More articles about: Gilded Age

The nine-bedroom home, which was once owned by Louis Comfort Tiffany's daughter, is on the market for nearly $60 million.
Located on a quiet block of the Upper East Side, this six-floor, nine-bedroom townhouse previously owned by Mary Tiffany, daughter of Art Nouveau stained-glass master Louis Comfort Tiffany, is now on the market for $59.5 million. Scroll down for a look inside.Its facade ...
The Vanderbilt heirs are officially out, and an archivist posted a series of photographs documenting their former third-floor home at the Gilded Age mansion on Instagram today.
In January, Town & Country questioned whether the Vanderbilt heirs who occupied the third-floor apartment of the Breakers were being forced out because they publicly opposed the plan for a welcome center on the grounds. As of March 30, the two great-children of Cornelius Vanderbilt ...
Get a peek into how Henry Clay Frick lived a century ago.
Gilded Age industrialist Henry Clay Frick commissioned the architectural firm Carrère and Hastings to build his New York City mansion in 1913. Frick died in 1919 and willed the home and its contents as a public museum, but his widow Adelaide continued ...
Get an exclusive sneak peek inside the world of the 19th century's wealthiest families.
It's not uncommon to hear the modern era referred to as the "second gilded age." Current economic inequity harkens back to the turn of the 20th century, when titans of industry like Andrew Carnegie and J.P. Morgan controlled not only the majority ...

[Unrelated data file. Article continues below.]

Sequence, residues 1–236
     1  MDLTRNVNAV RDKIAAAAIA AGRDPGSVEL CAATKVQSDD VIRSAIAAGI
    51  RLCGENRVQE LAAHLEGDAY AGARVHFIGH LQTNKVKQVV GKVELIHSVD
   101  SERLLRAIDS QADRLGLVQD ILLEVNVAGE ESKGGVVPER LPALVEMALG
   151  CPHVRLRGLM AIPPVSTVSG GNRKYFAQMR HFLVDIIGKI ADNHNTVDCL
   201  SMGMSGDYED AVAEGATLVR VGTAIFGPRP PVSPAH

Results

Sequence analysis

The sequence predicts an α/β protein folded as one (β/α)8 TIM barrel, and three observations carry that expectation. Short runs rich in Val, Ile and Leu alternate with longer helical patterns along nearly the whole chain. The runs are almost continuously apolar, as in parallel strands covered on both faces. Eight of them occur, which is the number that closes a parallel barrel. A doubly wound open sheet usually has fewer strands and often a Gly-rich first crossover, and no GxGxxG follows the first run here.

Gladys and Paul Szápáry will no longer occupy a third-floor apartment in The Breakers, built by their great-grandfather Cornelius Vanderbilt II. Some say the move is payback for their opposition to a welcome center on the grounds.
When Paul Szápáry invited a girlfriend to his summer home in Newport as a young man, he told her he lived in a big house to prepare her for the fact that the "big house" was the Breakers, the 70-room Gilded Age ...
The Fifth Avenue residence built in 1905 and previously owned by a Vanderbilt is on the market for $50 million.
The last of Manhattan's Gilded Age mansions could be yours—for $50 million.As the New York Post first reported, the six-story Beaux Arts limestone townhouse once owned by the granddaughter of railroad baron Cornelius Vanderbilt is on the market for the first time ...
A 2,000-year-old artifact found during its construction is now on view at the Metropolitan Museum of Art.
When construction crews were building an 18,000-square-foot mansion on the former site of a 20th-century castle in Tarrytown, New York in 2015, they happened upon an unusual artifact: a 2,000-year-old Roman tombstone that is now in the collection of the Metropolitan Museum ...